Make sure your pet
choice doesn't come back to bite you
A pet can be a wonderful and welcomed family
addition. But if you're not careful, it also could be a costly mistake.
Sure, the cuddly quotient is important in choosing
a dog or cat, but it shouldn't dominate your decision. Picking a
pet is a serious and tricky business that could have financial as
well as emotional costs for many years to come.
Here are some considerations that will ensure you
and your new best furry friend truly belong together.
Look at your lifestyle
You loved the Great Dane you had growing up on the farm and you
want your kids to have that same joyful experience. But you now
live in midtown Manhattan. Even if your landlord will let you bring
home a big dog, he might require a hefty deposit. And be honest:
Will the animal really be happy in that cramped walk-up while you're
You say you own your home on a big lot, so pooch size
is not a problem. Are you sure? If you live in a community governed
by a homeowner
association, your neighbors might have a say in picking your
pet. Some set pet weight limits or have rules about outdoor housing
for the animal. Be sure to check those HOA bylaws.
It's not just space you have to consider. A Siberian
Husky might not be as happy in Florida, Arizona or South Texas as
he would be living in Minnesota. What if the pooch you prefer is
a rather vocal breed? Can you (and, once again, your neighbors)
deal with a noisy dog?
Then there's age: yours, your children's and the animal's.
Are you equipped to handle the needs of a rambunctious puppy? Your
youngsters might be able to match the young dog's energy level,
but make sure they're not too young to safely play with an exuberant
animal, especially if it's a larger breed.
The basics of breed
Do you want a purebred or is a mutt OK? If you want a specific breed,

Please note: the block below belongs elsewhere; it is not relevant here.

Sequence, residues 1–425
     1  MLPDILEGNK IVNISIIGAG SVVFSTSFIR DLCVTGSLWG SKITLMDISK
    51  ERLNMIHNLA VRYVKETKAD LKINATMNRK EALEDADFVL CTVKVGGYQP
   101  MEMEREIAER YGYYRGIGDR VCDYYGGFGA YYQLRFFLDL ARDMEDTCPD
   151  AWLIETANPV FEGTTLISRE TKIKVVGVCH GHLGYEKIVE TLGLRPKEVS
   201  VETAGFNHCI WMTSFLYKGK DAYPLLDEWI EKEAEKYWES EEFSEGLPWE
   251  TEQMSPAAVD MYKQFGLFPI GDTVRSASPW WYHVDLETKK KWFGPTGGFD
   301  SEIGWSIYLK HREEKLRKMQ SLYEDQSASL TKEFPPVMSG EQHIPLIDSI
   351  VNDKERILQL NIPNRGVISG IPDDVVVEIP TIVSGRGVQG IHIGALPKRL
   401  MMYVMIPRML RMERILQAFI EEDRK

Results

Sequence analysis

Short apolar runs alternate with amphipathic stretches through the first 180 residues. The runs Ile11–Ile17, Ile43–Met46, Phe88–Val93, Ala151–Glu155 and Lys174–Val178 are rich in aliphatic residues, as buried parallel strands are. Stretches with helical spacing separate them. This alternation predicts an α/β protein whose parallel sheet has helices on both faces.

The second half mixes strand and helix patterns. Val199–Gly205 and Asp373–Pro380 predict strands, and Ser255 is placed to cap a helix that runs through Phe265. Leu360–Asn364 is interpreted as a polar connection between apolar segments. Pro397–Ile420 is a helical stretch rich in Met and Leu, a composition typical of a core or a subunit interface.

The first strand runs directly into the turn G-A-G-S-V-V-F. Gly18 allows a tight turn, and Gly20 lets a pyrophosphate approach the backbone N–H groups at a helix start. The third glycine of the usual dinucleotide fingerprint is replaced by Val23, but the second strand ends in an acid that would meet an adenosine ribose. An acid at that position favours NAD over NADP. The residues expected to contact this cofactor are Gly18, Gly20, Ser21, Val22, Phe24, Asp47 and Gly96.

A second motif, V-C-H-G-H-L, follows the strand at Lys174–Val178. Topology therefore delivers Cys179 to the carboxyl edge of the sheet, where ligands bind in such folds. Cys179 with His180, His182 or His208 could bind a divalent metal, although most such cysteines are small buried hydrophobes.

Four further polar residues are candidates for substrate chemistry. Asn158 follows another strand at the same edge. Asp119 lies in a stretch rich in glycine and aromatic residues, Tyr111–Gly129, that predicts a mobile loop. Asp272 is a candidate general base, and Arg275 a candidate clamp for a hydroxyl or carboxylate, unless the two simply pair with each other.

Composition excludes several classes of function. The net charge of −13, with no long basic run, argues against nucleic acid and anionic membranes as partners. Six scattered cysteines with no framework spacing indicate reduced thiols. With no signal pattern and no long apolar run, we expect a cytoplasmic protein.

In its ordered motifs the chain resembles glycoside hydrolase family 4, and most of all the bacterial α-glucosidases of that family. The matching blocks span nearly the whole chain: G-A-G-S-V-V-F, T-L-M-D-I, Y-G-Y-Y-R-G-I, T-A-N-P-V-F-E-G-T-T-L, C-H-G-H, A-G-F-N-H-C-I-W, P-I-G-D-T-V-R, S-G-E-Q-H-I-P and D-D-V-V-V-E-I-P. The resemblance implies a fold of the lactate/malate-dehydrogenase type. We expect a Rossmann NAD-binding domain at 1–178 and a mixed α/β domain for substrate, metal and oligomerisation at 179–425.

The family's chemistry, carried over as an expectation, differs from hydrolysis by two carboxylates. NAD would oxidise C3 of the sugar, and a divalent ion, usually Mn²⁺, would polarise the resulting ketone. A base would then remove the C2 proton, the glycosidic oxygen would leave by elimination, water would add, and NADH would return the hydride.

do the research to make sure the desired breed is really a good
fit, both with your lifestyle and your budget. This generally is
more of an issue when it comes to dogs, but cat breeds have different
temperaments and prices, too.
You can find a wealth of pet data on the Internet.
Kennel Club's Web site has descriptions of registered purebreds,
as well as links to breed-specific associations and clubs. Many
groups have e-mail lists where you can exchange information about
your preferred dog.
Here are some questions the AKC recommends you ask
before deciding on a breed or a particular puppy:
- How big will the dog get?
- How old will he be before he acts like an adult?
- How protective will the dog be?
- Will he get along with other animals?
- How long can he be left alone at home?
- How much exercise does he need?
A couple of other AKC-suggested considerations also
could directly affect your pocketbook.
The first is the breed's grooming requirements. Can
you take care of the occasional trim yourself, or will your pet's
coat require regular, and possibly costly, trips to a canine cosmetologist?
Even if you don't need professional grooming services, any special
shampoos, combs and other treatments that you'll have to buy to
properly take care of your new dog could be costly -- for years
A more important and potentially expensive question
is whether the particular dog or breed has any health problems.
Veterinarian bills can add up just as quickly as those from your
family doctor, and pet owners generally are willing to pay -- sometimes
a lot -- to keep the furriest family member healthy. If you haven't
purchased a pet
medical insurance policy, then your dog's doctor bills will
come out of your pocket.
These considerations aren't restricted to canines.
Ailurophiles can check out the Cat Fanciers' Association's online
database for breed specifics and general feline information.
Breed-specific groups also abound for cat lovers. Just type your
breed of choice into an Internet search engine and watch the pages
appear on your PC screen.